I am working on a proof of concept project using Blazor WebAssembly. The project already has a React front end that I am hoping to replicate in Blazor.

I have the following projects in my solution:

  • Domain - contains entities and does not reference any other layers
  • Application - references the domain and contains DTOs, commands/queries (using MediatR/Dapper), validators (using FluidValidation) and interfaces for subsequent layers to implement
  • Persistence – references application and uses EF Core to store the domain models in the database
  • API - a Web API that registers everything using DI and exposes the commands/queries from the application layer via controllers
  • React Front End - uses AJAX to talk to the API

I would like to reference the Application layer in a Blazor WebAssembly project so that I can reuse the validation rules that exist against the DTOs. Would it be possible for somebody to step though the code in the browser and extract sensitive information, such as connection strings, from the commands/queries?

For example, a simple query may look like this and stepping through the code would allow the IDbConnection to be inspected:

public class PayCategoryListQueryHandler
    : IRequestHandler<PayCategoryListQuery, PayCategoryListQueryVm>
    private readonly IDbConnection _connection;

    public PayCategoryListQueryHandler(IDbConnection connection)
      _connection = connection;

    public async Task<PayCategoryListQueryVm> Handle(PayCategoryListQuery query, CancellationToken cancellationToken)
        var viewModel = new PayCategoryListQueryVm();

          await _connection.QueryAsync<PayCategoryListItemDto>(
            "SELECT Id, Description, MakeAttendedTimeZero, IsOffSite, IsVisibleToClient FROM PayCategory ORDER BY Description"));

        return viewModel;

Do I need to extract the DTOs and their validation a separate layer that does not contain any database access code to prevent the connection string being leaked?


To try and clarify the issue I would like to try and explain my situation a bit better.

My current application uses a React front end with Formik and Yup providing the validation. This means that each time a change is made to a validation rule I need to reflect it in two places – the Application layer and the React application. I was hoping that moving to Blazor would alleviate the duplication by only having to maintain validation rules in the Application layer.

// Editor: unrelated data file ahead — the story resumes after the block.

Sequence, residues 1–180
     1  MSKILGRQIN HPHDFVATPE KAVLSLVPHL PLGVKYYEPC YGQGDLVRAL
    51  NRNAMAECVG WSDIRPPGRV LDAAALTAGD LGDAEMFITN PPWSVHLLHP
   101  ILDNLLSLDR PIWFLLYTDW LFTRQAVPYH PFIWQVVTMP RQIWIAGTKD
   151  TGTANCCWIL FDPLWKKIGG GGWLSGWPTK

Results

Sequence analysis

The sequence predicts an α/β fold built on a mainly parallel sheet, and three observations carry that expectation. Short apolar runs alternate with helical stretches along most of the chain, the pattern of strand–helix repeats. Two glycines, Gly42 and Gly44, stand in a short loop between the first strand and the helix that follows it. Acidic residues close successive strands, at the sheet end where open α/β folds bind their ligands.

The architecture I am currently using is based upon the NorthwindTraders sample application.

Using that example, CreateCustomerCommand makes use of CreateCustomerCommandValidator which will respond to POST requests via CustomersController. In order to use this for client-side validation in Blazor WebAssembly I would currently need to reference the Application layer.

Given this scenario should all the commands (not command handlers) and validators be moved to a separate project which could then be referenced by Blazor. The command handlers could remain in the Application layer therefore removing any database access code.

  • I don't want that on the client. The PayCategoryListQueryHandler is in the Application layer which is also where the DTOs and validation live. When using React it goes AJAX->API->Application so there is no issue. Using Blazor (so that I can reuse the validation) I reference the Application layer which is where the problem arrises. – Newm Feb 4 at 12:50
  • Actualy you sould not reference your application layer in the Blazor wasm app, as you don't do it with your React front. But call your APIs. You can (and I encourage you) reference your Domain layer – agua from mars Feb 4 at 13:06
  • Regarding validation, if you use Fluent take a look at this blog.stevensanderson.com/2019/09/04/blazor-fluentvalidation – agua from mars Feb 4 at 13:08
  • 1
    Split your DTOs out of your Application layer, put them in the Shared - or whatever you choose to call it - project of the Blazor setup and reference that from the client and the app layer. Better yet, reference the Domain and don't have DTOs. – Rich Bryant Feb 4 at 13:50
  • 1
    @Rich Bryant - sorry I was updating the post and did not see your comment. The DTOs are largely used to remove the EF nativation properties etc. I think your suggestion to move them to another project may be the way to go. – Newm Feb 4 at 14:16

Create a new dotnet.standard-project called something like, MyProject.Domain.Shared. There you put all communication (poco-)classes.

The Shared-Project is consumed by your Domain-Project, Application-Layer and Client-Layer. The Domain-Project is consumed by the Application-Layer and Persistence-Layer.

In the Shared-Project you put:

  • DTOs
  • Requests
  • Responses
  • Validators

In the Domain-Project you put:

  • Domain-Objects
  • Repository-Interfaces
  • Handlers which consumes the requests and produce responses)
| improve this answer | |

to keep the presentation layer separated from the application layer, even if you're using Blazor, you should not reference directly some application layer's code from any point of the presentation layer. Instead, call an API endpoint the same way you're doing it with the React front-end.

Also, as stated by others in comments, you should extract your dto-poco class to another project, and reference this one.

| improve this answer | |

Your Answer

By clicking “Post Your Answer”, you agree to our terms of service, privacy policy and cookie policy

Not the answer you're looking for? Browse other questions tagged or ask your own question.